I don't often hesitate to write blog posts. I just grab a pen, jot down some ideas and whittle away until I have something semi-coherent. But I was hesitant to write this entry. I wanted to write it, but I was worried about backlash. My blog has been, for the most part, very neutral on sensitive topics. I wanted to approach this in the same way but because I am Buddhist, I didn't want to preach the religion; I only wanted to explain it. If this entry offends anybody, I am sorry; that is, and never was, my intention.
What Is Buddhism?
Of the 6 major religions of the world, Buddhism sits in about the middle with roughly 376 million followers world-wide -- or about the population of the United States and Canada combined. There are about 3 times as many Hindus, 4 times as many Islamic and 7 times as many Christians as there are Buddhists. Being a very small religion, Buddhism is often very foreign to the West.
The largest difference between Buddhism and the Abrahamic religions is that Buddhism doesn't have a god. However, Buddhists have no problem with their followers being both Buddhist and Christian. The two religions have many similarities, and Buddhists feel they can coexist together in harmony. The same goes for Islamics, Hindus and Sikhs mixing their religion with Buddhism. Often times, however, these religions have trouble accepting their followers to be duel-religious because Buddhism is non-theistic. To Buddhists, God may or may not exist, and offers no advantage or disadvantage in being so. Buddhists strive to achieve "enlightenment", which is an over-all understanding of the workings of the universe. If God can help somebody achieve this, than great; but God is not needed. This is because they believe all the answers are inside themselves, waiting to be unlocked.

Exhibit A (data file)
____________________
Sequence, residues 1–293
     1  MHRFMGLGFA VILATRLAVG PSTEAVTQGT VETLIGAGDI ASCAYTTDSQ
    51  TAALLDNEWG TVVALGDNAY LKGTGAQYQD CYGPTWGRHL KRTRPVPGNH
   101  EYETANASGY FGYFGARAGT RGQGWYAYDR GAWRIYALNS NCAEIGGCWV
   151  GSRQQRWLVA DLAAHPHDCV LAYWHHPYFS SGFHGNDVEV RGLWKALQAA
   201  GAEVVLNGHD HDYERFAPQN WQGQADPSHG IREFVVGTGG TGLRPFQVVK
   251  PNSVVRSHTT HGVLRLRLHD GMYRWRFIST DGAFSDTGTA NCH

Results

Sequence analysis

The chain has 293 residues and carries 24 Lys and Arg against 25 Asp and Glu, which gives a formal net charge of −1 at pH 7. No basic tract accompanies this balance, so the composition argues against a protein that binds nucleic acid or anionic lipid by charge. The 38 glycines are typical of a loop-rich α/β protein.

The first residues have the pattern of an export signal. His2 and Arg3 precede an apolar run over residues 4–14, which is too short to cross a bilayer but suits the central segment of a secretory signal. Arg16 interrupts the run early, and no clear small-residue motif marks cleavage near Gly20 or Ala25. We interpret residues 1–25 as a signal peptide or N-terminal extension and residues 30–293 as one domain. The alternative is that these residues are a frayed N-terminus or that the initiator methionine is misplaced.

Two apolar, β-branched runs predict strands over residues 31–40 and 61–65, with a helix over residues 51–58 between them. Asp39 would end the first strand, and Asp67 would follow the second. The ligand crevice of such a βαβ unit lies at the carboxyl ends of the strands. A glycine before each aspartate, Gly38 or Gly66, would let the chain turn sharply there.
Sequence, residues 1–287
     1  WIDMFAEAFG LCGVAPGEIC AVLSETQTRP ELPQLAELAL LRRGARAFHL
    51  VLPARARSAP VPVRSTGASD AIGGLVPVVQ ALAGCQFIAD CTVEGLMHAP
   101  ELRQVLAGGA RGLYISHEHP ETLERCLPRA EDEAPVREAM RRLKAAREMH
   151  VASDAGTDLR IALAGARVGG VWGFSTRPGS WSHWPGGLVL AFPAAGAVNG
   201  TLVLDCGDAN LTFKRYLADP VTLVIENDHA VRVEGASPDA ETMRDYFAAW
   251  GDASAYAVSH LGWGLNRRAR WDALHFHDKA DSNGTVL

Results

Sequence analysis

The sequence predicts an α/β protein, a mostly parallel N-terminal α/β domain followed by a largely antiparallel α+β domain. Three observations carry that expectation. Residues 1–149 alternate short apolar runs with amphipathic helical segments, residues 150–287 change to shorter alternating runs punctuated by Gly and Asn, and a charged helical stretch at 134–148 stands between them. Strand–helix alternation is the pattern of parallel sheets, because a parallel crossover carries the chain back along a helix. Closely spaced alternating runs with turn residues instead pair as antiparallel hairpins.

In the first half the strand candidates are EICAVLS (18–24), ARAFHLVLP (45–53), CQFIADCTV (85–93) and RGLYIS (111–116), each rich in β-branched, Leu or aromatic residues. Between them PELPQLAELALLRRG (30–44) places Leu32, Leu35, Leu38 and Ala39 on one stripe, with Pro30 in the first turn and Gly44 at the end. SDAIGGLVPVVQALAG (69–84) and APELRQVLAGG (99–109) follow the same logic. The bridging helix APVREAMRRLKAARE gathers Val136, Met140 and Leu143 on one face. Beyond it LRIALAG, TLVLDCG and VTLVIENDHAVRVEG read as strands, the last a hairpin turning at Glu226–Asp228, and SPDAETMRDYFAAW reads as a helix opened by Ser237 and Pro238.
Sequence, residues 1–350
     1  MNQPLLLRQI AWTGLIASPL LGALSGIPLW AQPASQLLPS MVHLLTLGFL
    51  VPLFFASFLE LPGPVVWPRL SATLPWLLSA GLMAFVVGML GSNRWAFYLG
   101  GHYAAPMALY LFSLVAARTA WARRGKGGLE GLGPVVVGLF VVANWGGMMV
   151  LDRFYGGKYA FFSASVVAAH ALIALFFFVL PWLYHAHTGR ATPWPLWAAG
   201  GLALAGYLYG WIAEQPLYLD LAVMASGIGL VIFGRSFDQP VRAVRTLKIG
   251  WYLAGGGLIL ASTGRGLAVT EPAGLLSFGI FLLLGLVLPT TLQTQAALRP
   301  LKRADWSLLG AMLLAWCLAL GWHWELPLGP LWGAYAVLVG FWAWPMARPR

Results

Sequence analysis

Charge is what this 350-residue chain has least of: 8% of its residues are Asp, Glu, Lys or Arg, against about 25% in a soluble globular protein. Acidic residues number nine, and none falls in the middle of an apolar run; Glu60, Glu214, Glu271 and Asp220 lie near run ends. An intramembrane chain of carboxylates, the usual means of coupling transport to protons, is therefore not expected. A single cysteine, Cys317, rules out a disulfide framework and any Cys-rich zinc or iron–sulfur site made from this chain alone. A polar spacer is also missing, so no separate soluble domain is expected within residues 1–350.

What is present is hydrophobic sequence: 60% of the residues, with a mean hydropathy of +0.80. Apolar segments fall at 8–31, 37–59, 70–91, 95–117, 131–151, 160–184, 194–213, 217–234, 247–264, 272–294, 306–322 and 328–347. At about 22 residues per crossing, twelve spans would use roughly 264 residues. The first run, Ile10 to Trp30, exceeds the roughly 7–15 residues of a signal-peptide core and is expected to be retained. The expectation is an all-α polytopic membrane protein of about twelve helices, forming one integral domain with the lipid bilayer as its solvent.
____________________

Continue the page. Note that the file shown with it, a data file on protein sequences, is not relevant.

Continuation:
Buddhism was formed around the year 500 BCE, and is based off the teachings of Siddharta Gautama, or Gautama Buddha as is he later called in life. Siddharta is not a god, nor was he a reincarnation of god, nor was he a prophet, nor was he a king. Siddharta was a philosopher who gained knowledge of the world around him, obtained followers and spread his message throughout India and Nepal. When talking about the founding of Buddhism, it's best to focus on Siddharta, although he was not the first Buddha.
Who is Siddharta Gautama?
Siddharta Gautama was the child of Suddhodana and Queen Maha Maya. On the night of Siddharta's conception, Queen Maya had a dream of a white elephant with six tusks entering her right side. 10 months later, Siddharta was born on Queen Maya's way home to visit her father, in the village of Lumbini. A week after giving birth, Queen Maya passed away, and the king was unsure how to raise the child. Within a few days several seers approached the king and said his newborn son had a duel-destiny: he will either be a great king, or a religious leader. Suddhodana wanted nothing more than for his son to follow in his footsteps, and decided his son's fate: Siddharta would be king.
For the first 29 years of his life, Siddharta lived stricly inside his palace, unable to go outside and experience the world. His life was lavish, full of wealth and power. At the age of 16 he was married to his cousin, and they produced a young son.
At the age of 29, Siddharta finally left the palace with his charioteer Channa. He left the palace a total of four times, and each time experienced a new stage of human existence. The first was that of an old man. Due to his sheltered life, this old man shocked Siddharta. Channa explained to him that all people get older with time, and there's no escaping this.
The next two times Siddharta left the palace he experienced two other stages of humanity: sickness and death. All people, Channa explained again, get sick. And all people, regardless of wealth, power or health, will die.
The fourth Siddharta left the palace he met an ascetic, or a holy-man. This man inspired Siddharta and he began to believe that a life of self-discipline and deprivation could prevent age, sickness and death; the fate we are all doomed to face. That night, with the help of Channa, Siddharta took a horse and left his wife, son, and family behind.
Siddharta began his ascetic life as a beggar on the streets of Rajagaha. After being recognized by royal guards, he left and began to study yoga under two different masters. He quickly surpassed both of them, and was offered twice to succeed them and become their teacher. Both times he declined; he didn't feel yoga fulfilled his desires. During this time, talk of Siddharta had begun to spread and he had started to get a small following.